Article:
Running seq (GNU coreutils 8.21) without specifying a format string runs extremely quickly compared with any possible format I tried:

$ time seq 1e8 > /dev/null
seq 1e8 > /dev/null
0.68s user 0.02s system 99% cpu 0.703 total

$ time seq -f '%1.f' 1e8 > /dev/null                                                                                                                                                                                                          
seq -f '%1.f' 1e8 > /dev/null
53.82s user 0.03s system 99% cpu 53.875 total

What is going on here? Is it possible to reproduce the performance when explicitly providing a format string?


This is quite the observation, but it actually makes sense. Here is the source code: http://code.metager.de/source/xref/gnu/coreutils/src/seq.c

Firstly, notice the seq_fast function and the comment before it is called:

608  /* If the following hold:
609     - no format string, [FIXME: relax this, eventually]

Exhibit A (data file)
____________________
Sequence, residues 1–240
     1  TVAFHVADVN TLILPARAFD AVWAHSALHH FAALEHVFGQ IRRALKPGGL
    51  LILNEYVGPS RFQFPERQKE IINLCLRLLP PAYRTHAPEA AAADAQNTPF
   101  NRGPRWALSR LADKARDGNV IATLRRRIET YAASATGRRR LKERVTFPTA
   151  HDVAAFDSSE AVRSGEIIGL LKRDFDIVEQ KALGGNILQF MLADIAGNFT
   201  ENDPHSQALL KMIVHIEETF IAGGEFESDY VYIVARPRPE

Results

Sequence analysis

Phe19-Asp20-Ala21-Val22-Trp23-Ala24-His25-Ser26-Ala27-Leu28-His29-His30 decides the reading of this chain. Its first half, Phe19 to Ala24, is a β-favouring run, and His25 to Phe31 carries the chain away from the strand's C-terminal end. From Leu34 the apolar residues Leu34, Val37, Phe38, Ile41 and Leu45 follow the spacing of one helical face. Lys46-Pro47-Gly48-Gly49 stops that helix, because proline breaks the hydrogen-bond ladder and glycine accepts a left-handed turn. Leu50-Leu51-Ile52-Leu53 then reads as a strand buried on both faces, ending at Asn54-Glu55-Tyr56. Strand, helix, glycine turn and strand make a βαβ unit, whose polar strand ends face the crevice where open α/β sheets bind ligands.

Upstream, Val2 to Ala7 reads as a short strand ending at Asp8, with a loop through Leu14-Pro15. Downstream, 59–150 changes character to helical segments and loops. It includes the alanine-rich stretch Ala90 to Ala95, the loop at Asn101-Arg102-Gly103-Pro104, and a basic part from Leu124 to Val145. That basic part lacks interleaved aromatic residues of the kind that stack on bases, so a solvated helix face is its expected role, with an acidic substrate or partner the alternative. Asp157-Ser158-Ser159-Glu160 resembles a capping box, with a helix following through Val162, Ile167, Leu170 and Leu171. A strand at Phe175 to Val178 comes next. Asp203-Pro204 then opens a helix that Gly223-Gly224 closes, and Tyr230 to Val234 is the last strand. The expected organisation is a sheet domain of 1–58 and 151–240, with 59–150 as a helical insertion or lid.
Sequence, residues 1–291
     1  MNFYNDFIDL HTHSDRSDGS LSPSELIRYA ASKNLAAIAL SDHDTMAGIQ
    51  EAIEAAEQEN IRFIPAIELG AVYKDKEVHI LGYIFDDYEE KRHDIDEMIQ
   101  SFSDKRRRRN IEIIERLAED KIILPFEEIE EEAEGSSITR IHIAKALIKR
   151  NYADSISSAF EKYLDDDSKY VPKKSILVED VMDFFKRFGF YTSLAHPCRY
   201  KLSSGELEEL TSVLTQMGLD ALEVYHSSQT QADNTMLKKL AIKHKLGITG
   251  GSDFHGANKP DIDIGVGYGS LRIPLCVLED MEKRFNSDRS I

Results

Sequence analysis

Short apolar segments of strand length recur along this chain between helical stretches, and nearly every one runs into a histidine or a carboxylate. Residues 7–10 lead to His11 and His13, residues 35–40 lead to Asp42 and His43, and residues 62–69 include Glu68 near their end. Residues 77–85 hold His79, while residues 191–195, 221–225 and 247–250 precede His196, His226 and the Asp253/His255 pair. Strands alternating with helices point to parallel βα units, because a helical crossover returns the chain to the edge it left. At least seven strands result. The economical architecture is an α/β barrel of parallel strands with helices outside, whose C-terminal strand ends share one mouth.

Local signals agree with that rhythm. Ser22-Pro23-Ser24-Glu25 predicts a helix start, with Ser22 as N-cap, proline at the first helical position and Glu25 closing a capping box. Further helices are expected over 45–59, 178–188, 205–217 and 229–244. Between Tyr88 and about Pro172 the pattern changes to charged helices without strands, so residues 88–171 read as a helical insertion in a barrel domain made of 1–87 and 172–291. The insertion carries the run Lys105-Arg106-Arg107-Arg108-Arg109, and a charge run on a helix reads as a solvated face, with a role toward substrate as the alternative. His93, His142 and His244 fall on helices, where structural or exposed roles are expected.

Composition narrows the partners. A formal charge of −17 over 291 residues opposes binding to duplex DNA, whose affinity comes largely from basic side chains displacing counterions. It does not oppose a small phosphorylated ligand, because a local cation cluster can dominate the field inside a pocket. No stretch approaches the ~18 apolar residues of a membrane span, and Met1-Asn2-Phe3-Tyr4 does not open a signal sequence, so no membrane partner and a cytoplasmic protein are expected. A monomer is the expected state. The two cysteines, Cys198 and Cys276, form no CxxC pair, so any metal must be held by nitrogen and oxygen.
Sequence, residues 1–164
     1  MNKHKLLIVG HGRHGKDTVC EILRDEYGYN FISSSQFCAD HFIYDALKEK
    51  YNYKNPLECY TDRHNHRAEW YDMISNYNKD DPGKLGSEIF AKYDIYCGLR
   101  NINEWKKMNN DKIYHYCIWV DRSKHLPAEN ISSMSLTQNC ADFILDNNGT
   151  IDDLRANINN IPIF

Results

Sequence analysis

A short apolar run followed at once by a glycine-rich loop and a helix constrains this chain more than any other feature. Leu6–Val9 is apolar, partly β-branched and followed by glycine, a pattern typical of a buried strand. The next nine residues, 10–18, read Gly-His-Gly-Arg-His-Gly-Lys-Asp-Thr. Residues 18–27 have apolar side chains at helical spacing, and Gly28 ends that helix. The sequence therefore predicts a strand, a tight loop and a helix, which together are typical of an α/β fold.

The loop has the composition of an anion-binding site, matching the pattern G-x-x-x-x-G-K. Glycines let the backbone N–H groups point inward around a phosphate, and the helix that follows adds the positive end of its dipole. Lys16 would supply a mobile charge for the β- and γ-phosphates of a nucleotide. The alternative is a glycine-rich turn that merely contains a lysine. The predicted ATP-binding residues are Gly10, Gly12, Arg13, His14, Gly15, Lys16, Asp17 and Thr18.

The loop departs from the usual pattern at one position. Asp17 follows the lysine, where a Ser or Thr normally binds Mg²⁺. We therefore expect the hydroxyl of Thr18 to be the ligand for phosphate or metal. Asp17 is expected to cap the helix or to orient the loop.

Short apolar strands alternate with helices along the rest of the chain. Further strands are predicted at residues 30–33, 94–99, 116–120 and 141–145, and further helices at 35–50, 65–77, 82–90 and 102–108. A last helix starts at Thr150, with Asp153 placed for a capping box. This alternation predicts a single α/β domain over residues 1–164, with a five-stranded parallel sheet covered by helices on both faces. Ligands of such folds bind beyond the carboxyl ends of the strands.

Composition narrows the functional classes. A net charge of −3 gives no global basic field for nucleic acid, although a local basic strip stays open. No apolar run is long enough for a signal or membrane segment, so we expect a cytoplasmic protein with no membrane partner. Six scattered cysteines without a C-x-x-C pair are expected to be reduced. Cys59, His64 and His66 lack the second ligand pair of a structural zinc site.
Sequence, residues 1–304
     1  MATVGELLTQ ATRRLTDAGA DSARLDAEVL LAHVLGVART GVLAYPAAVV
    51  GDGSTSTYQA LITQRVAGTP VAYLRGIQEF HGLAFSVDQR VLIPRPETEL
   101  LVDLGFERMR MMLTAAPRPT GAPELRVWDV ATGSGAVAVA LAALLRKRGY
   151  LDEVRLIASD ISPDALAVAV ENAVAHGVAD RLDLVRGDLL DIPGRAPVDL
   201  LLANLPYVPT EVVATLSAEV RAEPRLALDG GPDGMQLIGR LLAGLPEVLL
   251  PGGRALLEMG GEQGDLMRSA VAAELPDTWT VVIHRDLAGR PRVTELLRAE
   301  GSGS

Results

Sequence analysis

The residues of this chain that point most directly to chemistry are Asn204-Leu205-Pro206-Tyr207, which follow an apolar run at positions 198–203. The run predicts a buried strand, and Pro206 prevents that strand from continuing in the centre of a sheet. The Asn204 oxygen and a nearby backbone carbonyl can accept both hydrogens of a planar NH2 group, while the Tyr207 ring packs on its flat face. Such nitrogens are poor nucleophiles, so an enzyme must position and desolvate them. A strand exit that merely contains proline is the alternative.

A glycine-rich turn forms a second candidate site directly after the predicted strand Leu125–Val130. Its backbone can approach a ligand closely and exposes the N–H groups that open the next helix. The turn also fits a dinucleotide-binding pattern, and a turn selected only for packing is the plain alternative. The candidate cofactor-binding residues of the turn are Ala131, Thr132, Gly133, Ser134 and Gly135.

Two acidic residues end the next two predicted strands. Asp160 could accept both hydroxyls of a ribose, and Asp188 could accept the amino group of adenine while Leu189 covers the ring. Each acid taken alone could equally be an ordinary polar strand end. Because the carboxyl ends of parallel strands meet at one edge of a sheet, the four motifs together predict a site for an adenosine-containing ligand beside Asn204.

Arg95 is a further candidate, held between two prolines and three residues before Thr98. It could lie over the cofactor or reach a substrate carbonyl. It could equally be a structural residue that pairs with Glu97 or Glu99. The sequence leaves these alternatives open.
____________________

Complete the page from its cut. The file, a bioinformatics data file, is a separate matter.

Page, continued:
610     - integer start (or no start)
611     - integer end
612     - increment == 1 or not specified [FIXME: relax this, eventually]
613     then use the much more efficient integer-only code.  */

We see that they have a better algorithm when these conditions are met. Indeed, if we instead add an increment we get the same slower behavior because print_numbers is used instead of seq_fast:

time seq  1e9 > /dev/null 
seq 1e9 > /dev/null  4.68s user 0.09s system 99% cpu 4.770 total

time seq  1 7 1e9 > /dev/null
seq 1 7 1e9 > /dev/null  56.78s user 0.02s system 99% cpu 56.801 total

As for why formatting takes even longer (1 minute time with 1e8 instead of 1e9), notice that 53/10^8 seconds = 530 nanoseconds. So on average, format code (which has to run on every single number before printing) adds about 530 nanoseconds per printed number. Considering all the branching and complex logic involved in formatting, this makes sense too.

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